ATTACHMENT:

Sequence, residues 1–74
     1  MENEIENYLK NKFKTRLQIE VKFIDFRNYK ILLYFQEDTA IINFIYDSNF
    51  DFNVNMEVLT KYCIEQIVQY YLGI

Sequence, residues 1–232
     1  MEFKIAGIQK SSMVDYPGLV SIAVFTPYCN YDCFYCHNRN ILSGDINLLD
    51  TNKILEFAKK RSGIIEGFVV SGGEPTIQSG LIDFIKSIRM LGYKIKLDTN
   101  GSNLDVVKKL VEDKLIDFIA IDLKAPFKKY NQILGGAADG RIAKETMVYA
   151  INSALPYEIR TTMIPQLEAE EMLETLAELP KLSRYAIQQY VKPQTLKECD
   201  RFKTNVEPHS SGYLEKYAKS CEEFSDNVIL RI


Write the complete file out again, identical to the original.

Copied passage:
Sequence, residues 1–74
     1  MENEIENYLK NKFKTRLQIE VKFIDFRNYK ILLYFQEDTA IINFIYDSNF
    51  DFNVNMEVLT KYCIEQIVQY YLGI

Sequence, residues 1–232
     1  MEFKIAGIQK SSMVDYPGLV SIAVFTPYCN YDCFYCHNRN ILSGDINLLD
    51  TNKILEFAKK RSGIIEGFVV SGGEPTIQSG LIDFIKSIRM LGYKIKLDTN
   101  GSNLDVVKKL VEDKLIDFIA IDLKAPFKKY NQILGGAADG RIAKETMVYA
   151  INSALPYEIR TTMIPQLEAE EMLETLAELP KLSRYAIQQY VKPQTLKECD
   201  RFKTNVEPHS SGYLEKYAKS CEEFSDNVIL RI